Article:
Mechanical Properties of Ti and Ti--TiC From
Room Temperature Tensile Tests
Property Ti Ti--TiC
E (GPa) 109 121
UTS (MPa) 430 430
Strain to 4.7 2.3
FIGS. 11 and 12 show the room temperature tensile test curves of engineering stress versus engineering strain for Ti and Ti--TiC, respectively. Table 4 lists the mechanical properties of these two materials, based on these tests. Yield stress was determined at 0.1% plastic strain.
FIG. 13 shows the relationship between strain rate and stress during steady state creep for the Pm--Ti which refers to bulk Ti metal as distinguished from a Ti--TiC composite and Ti--TiC samples at 1000° C. The stress exponent, n, was 4.32 for the Ti and was 2.2 for the Ti--TiC. Rupture occurred at a stress of 2.96 MPa in the Ti--TiC composite after an engineering strain of only 30%.
Table 5 shows the sample length as a function of the number of cycles for the Ti and the Ti--TiC samples when thermally cycled without a load. After a significant deformation on the first cycle, the Ti--TiC deforms similarly to the Ti.
Change in Length for Samples Thermally
Cycled Without a Load
length in length in
# of length in mm Ti mm Ti--TiC
cycles mm Ti (1) (2) (1) (2)
0 46.922 46.933 46.811 47.051
1 46.972 46.955 47.233 47.238
23 46.981 47.301
49 46.962 47.246
78 46.992 47.310
FIG. 14 shows the average strain per cycle due to thermal cycling of the Ti and the Ti--TiC with temperature cycling between 830° C. and 1010° C. A total of at least 10 readable and error-free cycles were averaged to determine the strain due to thermal cycling at a given stress. The comparison of Ti cycled between 830° C. and 1010° C., or cycled from 830° C. to 960° C. is shown in FIG. 15. The same comparison is shown for Ti--TiC in FIG. 16.
There is a significant difference between the deformation per thermal cycle in the Ti--TiC and the Ti, as seen in FIG. 16. In both cases, Δεtr /Δσ is linear. However, for the Ti, Δεtr /Δσ=5×10-9 Pa-1 and for the Ti--TiC, Δεtr /Δν=8×10-9 Pa-1. This increased strain per cycle is a new effect due to the internal stresses induced by the hard particles in the transforming matrix.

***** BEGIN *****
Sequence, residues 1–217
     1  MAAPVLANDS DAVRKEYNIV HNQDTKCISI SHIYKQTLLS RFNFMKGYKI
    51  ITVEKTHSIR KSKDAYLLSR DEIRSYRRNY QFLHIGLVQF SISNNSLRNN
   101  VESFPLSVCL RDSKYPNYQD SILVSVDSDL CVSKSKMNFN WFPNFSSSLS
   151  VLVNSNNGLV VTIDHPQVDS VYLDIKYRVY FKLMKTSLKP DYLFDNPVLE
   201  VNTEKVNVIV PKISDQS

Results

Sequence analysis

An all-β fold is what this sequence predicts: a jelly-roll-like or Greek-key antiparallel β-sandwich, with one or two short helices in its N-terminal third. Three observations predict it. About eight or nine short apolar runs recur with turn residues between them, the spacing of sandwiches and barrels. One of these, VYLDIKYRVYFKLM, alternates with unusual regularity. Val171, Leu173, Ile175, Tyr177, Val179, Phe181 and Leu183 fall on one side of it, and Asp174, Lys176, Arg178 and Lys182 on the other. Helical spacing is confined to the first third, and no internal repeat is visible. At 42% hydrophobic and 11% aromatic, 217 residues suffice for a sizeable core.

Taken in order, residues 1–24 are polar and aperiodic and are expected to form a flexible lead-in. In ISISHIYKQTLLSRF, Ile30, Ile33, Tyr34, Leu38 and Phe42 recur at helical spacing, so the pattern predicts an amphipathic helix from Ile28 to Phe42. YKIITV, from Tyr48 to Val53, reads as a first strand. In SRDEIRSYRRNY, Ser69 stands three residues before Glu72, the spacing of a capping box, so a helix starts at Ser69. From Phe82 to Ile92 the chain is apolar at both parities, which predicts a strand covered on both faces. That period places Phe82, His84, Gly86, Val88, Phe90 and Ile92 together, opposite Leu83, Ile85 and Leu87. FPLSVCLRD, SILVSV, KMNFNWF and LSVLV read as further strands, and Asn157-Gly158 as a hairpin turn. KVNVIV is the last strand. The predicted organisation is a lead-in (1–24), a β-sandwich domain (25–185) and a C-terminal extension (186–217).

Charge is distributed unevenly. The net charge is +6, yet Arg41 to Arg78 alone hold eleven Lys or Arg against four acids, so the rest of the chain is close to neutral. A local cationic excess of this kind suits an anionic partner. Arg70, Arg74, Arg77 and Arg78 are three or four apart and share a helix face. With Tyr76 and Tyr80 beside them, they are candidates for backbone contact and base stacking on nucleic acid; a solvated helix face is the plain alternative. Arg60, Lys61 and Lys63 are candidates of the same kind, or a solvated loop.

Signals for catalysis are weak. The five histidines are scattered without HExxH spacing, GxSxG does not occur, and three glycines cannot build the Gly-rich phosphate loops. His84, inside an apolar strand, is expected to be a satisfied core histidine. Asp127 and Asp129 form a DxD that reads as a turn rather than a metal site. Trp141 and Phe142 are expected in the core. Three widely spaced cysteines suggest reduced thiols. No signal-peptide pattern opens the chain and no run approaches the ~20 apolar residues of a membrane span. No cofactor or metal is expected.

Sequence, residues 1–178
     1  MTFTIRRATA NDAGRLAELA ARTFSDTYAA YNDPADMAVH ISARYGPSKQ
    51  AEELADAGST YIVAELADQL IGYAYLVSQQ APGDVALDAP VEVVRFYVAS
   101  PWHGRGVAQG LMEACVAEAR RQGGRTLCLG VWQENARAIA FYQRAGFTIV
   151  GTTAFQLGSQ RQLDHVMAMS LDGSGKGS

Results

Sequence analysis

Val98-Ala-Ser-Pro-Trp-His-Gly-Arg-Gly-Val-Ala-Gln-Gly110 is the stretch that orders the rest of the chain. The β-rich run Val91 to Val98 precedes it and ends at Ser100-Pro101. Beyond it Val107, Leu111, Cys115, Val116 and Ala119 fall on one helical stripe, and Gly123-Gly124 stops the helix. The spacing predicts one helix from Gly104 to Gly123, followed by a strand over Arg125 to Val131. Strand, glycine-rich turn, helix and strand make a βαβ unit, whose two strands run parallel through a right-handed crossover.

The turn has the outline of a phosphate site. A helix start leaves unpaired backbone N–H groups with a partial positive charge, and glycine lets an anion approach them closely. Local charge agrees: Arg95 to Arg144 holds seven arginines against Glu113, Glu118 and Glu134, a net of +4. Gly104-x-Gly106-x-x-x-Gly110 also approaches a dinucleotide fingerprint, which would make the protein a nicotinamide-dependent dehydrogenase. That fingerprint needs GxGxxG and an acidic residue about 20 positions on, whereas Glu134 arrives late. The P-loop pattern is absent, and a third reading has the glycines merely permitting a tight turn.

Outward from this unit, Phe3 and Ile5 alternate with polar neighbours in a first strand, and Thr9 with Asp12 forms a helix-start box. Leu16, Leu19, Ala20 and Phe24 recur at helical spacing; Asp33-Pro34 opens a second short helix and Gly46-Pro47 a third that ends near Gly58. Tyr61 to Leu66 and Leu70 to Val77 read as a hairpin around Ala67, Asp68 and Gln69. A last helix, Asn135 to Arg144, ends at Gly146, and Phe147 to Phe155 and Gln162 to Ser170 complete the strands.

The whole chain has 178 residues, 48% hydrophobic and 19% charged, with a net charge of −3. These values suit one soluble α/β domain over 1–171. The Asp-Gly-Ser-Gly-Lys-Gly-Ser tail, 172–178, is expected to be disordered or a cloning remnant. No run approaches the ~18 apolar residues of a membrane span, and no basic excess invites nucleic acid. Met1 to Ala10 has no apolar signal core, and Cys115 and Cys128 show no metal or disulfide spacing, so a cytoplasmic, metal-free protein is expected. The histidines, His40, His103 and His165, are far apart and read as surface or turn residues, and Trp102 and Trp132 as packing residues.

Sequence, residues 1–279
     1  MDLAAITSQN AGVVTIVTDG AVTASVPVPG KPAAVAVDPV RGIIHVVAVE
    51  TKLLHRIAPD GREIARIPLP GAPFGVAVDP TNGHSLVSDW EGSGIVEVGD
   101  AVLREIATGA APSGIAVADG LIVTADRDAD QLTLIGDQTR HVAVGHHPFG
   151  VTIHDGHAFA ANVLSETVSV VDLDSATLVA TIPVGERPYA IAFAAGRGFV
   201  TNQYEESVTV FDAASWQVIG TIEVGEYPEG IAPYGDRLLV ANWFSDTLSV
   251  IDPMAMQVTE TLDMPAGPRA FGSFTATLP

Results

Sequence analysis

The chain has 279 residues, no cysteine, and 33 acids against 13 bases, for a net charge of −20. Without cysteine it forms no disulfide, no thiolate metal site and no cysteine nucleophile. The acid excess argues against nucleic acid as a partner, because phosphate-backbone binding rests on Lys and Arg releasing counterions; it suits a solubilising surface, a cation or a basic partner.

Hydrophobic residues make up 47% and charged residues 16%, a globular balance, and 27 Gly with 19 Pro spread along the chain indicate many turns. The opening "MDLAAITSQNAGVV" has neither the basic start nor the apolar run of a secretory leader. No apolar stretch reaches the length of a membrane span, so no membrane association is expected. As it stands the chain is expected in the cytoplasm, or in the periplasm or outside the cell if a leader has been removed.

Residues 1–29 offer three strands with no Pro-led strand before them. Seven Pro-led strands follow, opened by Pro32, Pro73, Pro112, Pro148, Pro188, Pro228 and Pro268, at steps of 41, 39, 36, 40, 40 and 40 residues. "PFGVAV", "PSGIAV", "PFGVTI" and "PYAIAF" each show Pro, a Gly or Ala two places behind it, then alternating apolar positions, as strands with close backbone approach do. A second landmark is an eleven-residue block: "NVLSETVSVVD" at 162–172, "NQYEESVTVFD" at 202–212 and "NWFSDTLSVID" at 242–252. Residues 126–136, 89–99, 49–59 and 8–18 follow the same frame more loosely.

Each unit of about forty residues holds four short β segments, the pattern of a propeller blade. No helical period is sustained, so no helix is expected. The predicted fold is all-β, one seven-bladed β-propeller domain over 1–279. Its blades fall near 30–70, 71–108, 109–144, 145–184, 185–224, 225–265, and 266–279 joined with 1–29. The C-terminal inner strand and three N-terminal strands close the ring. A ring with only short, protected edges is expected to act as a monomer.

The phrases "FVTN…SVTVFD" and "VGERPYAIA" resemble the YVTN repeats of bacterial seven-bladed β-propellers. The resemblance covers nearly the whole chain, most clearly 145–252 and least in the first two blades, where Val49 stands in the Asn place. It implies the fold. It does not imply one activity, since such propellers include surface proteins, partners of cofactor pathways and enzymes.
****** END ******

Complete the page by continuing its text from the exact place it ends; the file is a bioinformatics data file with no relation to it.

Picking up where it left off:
The equivalent strain rate, Δε/Δt, per cycle is 1.1×10-6 sec-1 for Ti--TiC at a stress of 1 MPa. This rate was calculated by taking the strain due to the transformation through a complete cycle, and dividing that strain by the time to complete a cycle. If instead, the actual time to heat and cool, 4 min, was used Δε/Δt (at 1 MPa)=3.33×10-5 sec-1. This rate is higher that the isothermal strain rate ε=3.16×10-6 sec-1. This rate could be even faster, with good heat transfer, and rapid transformation kinetics. This rapid strain rate occurs each cycle without necking, or macroscopic damage to the deforming specimen.
In FIG. 16 there is virtually no difference between the low temperature cycling and the high temperature cycling. Both temperatures are high enough for the Ti to fully transform. To ensure that the creep rate active during the cycling was accounted for, each sample was allowed to creep prior to and after the cycling test at the given stress. Furthermore, the material was tested to determine if the matrix "reset" after a phase transformation. Since primary creep would induce an error in the determination of isothermal creep during the cycling, tests were run to ascertain that no primary creep occurred in the β phase upon phase transformation. The tests were as follows: unloading, allowing the sample to transform and then reloading. Comparison of the resulting creep curves after sufficient pre-creep, showed that the creep rates before and after the transformation were the same, with no primary creep.
None of the cycled samples failed, necked or exhibited the rough surface found in the isothermal creep samples. The maximum strain measured was 150%. The combination of (i) large strains in tension, (ii) proportionality between stress and strain or strain rate, and (iii) unchanged structure after deformation, are typically associated with superplasticity.
If the heating stops before the transformation is complete, superplastic deformation due to the transformation is reduced. Since the Ti--TiC did not undergo complete transformation when heated only to 960° C. due to oxygen contamination, the internal stresses were reduced, with a concomitant reduced strain per cycle.
When deformed under cycling conditions, the composite reaches elongations of at least 150%, compared to elongations of 30% prior to rupture for the isothermal creep tests. The creep rate is also higher, for thermal cycling creep. With rapid heating or cooling across the phase transformation temperature, superplastic forming of Ti--TiC composites may be possible at strain rates much higher than for fine-grain, superplastic composites.